The 2006-07 Atlantic Hockey season produced
much upheaval, dropping usual title contenders Holy Cross
and Mercyhurst into the second division and promoting the
rise of a new power.
Rochester Institute of Technology rolled to
its first regular-season title, and has to be considered
the early favorite for next season as the Tigers return
all but three players. However, RIT was ineligible for the
playoffs as a second-year member of NCAA Division I.
Sacred Heart held its own as a league contender
and heads into the playoffs as the the top seed. Once Army
found a solution to its goaltending void, the Black Knights
successfully built off last season’s surge in the
standings and grabbed the second playoff seed.
Connecticut has the most experienced lineup
in the league and used the senior leadership to move into
the top half of the league for the first time since 2000.
Like RIT, Air Force made a good showing in its inaugural
season in Atlantic Hockey and will host a playoff game this
There promises to be more changes next season
with the graduation of nine of the top 25 scorers in the
league, notably James Sixsmith of Holy Cross, Andrew Ramsey
of Air Force, Pierre-Luc O’Brien of Sacred Heart and
Matt Scherer of Connecticut. Sacred Heart, Mercyhurst and
Bentley will be looking for new netminders in 2007-08.
This is the season coach Shaun Hannah has
been building toward. Sacred Heart has the scoring depth
— five double-digit goal scorers and 13 players with
at least 10 points — and a solid goaltender in New
Jersey Devils draft choice Jason Smith.
Of the remaining playoff teams, the Pioneers
rank first in offense (3.24 goals per game), third in defense
(2.76 goals per game), third in power play success rate
(16.5 percent), fifth in penalty killing (81.2 percent),
and tops in combined special teams. Sacred Heart is the
best third-period team in the league. The playoff brackets
shape up nicely with Sacred Heart avoiding troublesome Army
and Connecticut until the final round. With RIT becoming
playoff-eligible next season and Pierre-Luc O’Brien
headed for the pros, this is the year the Pioneers have
to make their run to the NCAA tournament.
THE GATE CRASHER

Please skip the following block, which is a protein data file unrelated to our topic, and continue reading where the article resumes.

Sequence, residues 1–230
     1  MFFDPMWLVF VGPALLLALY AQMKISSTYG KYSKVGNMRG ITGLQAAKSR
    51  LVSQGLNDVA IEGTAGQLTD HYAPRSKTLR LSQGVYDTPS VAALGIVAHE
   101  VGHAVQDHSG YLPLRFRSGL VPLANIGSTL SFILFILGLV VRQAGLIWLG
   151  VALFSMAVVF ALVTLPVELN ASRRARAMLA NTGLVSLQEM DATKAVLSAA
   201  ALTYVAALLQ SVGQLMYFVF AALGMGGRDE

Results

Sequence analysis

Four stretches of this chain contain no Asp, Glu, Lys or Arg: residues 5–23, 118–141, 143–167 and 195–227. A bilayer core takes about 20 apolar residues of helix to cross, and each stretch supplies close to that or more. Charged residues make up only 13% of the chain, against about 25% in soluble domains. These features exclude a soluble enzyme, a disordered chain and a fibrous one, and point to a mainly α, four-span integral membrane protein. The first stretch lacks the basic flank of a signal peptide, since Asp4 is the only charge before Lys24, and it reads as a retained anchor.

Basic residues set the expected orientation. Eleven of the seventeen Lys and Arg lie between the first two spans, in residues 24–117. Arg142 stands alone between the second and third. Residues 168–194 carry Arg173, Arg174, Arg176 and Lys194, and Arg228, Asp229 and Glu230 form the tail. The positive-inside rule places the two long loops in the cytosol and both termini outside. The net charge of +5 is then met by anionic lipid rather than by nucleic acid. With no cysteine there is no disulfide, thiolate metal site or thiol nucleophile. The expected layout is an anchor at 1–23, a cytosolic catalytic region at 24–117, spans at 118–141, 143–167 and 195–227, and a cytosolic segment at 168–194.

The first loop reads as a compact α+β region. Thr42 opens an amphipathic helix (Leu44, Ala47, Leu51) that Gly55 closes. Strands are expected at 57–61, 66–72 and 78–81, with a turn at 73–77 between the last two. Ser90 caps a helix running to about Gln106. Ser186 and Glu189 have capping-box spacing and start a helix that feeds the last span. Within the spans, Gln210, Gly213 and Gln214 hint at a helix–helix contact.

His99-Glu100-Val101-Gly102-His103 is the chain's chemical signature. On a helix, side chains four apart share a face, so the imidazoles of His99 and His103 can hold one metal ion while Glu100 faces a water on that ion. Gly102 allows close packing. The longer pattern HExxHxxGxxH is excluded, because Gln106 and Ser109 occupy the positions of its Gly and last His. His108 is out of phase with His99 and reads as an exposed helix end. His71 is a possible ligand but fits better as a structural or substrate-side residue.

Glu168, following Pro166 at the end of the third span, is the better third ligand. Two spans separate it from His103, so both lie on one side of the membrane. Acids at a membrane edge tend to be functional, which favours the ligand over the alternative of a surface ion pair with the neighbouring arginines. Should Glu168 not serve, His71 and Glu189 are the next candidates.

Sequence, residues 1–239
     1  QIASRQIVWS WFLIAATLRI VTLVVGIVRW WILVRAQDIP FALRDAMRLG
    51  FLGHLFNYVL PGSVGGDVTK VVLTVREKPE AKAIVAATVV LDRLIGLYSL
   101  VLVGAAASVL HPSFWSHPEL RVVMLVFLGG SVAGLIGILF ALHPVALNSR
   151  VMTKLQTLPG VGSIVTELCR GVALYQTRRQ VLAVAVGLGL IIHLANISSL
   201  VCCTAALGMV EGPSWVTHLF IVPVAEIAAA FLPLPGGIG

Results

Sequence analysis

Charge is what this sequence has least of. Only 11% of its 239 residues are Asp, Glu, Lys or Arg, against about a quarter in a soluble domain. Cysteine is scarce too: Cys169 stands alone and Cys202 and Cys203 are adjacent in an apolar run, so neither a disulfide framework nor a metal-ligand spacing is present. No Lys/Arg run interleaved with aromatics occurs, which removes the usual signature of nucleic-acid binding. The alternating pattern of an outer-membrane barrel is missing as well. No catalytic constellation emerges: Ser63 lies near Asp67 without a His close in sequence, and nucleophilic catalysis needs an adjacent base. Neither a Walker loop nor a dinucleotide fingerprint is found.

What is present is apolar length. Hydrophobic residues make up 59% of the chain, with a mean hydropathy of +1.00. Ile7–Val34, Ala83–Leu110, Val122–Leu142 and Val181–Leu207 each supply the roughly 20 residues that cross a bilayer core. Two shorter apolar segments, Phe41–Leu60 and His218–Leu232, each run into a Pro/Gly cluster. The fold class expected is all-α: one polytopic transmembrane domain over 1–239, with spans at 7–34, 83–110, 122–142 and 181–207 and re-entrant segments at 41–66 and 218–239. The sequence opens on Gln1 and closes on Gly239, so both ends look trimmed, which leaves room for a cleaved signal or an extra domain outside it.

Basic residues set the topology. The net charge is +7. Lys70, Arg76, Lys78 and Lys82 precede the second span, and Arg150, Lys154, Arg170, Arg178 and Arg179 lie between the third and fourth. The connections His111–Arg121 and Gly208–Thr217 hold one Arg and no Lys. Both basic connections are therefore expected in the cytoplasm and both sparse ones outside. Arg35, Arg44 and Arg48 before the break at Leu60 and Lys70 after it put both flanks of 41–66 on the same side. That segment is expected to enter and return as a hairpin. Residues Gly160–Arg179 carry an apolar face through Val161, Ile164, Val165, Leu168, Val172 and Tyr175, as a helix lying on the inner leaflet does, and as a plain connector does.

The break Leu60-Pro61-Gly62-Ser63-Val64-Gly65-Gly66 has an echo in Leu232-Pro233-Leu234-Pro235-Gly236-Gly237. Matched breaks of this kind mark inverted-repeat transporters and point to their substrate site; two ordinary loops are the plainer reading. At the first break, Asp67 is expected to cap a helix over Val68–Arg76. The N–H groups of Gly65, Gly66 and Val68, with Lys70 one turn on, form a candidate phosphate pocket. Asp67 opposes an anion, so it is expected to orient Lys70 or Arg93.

Hockey Quarterfinal Matchups
No. 9 American
International at No. 1 Sacred Heart
AIC: 7-20-1 (8-24-1 overall)
SHU: 17-7-4 (20-10-4 overall)
Season Series: SHU leads series, 2-0.
Yellow Jacket Fact: AIC earned its second
playoff win, beating Canisius last Saturday. AIC has
won the play-in game twice in the past four years.
Pioneer Facts: Sacred Heart has lost its
season finale three years in a row, and followed with
first-round playoff ousters in 2005 and 2006.
How AIC Wins: The Yellow Jackets tend to
play better in the playoffs. Jereme Tendler is the
top scoring threat. AIC has to play disciplined defense
and excel in the special teams. How Sacred Heart Wins: Forget about
past failures and don’t look ahead. The Pioneers
have a formidable offense, averaging 4.6 goals during
a recent five-game win streak. However, they have
to do a better job on the penalty kill.
7 Bentley at No. 2 Army
BENT: 11-17-0 (12-21-1 overall)
Army: 15-8-5 (15-11-5 overall)
Season Series: Army leads, 3-1
Falcon Facts: Bentley is the only Atlantic
Hockey team with two quarterfinal upsets to its credit,
winning as a five seed in 2003 and a seven seed in
Black Knight Facts: The only other time Army
has played as a No. 2 seed was 1964 when the Cadets
lost to St. Lawrence in the ECAC playoffs.
How Bentley Wins: By not looking for the
perfect play and just put pucks on the net —
the offense struggled more often than not, scoring
two or fewer goals 17 times. Coach Ryan Soderquist
expects struggling goalie Ray Jean to “play
like a senior.’’
How Army Wins: With puck control and keeping
Bentley’s swift skaters from getting out in
transition. The Knights’ special teams are playing
well of late: the team has scored two power play goals
in each of its last three games, and the penalty kill
is has been successful in 17 of its last 21 shorthanded
No. 6 Mercyhurst
at No. 3 Connecticut
MC: 9-15-4 (9-19-6 overall) UConn: 15-11-2 (15-17-2 overall Season Series: Teams split two games. Laker Facts: Mercyhurst has never
lost its playoff opener in seven seasons in the MAAC
and Atlantic Hockey Husky Facts: UConn is the hottest
team in league, posting a 6-1-1 mark since Feb. 2. How Mercyhurst Wins: The Lakers travel
well, with road points in four of its last five away
contests. Mercyhurst is averaging four goals per game
in its last nine games, despite usual snipers Ben
Cottreau and Scott Champagne slumping. How UConn Wins: Hot goalies at playoff
time are a godsend. Beau Erickson won five February
games with a goals against of less than 2.00. It would
help if Matt Scherer can maintain his pace —
he had seven goals in February.
5 Holy Cross at No. 4 Air Force HC: 9-14-5 (10-19-5 overall) AFA: 13-10-5 (16-15-5 overall) Season Series: Teams tied twice. Crusader Facts: Holy Cross has won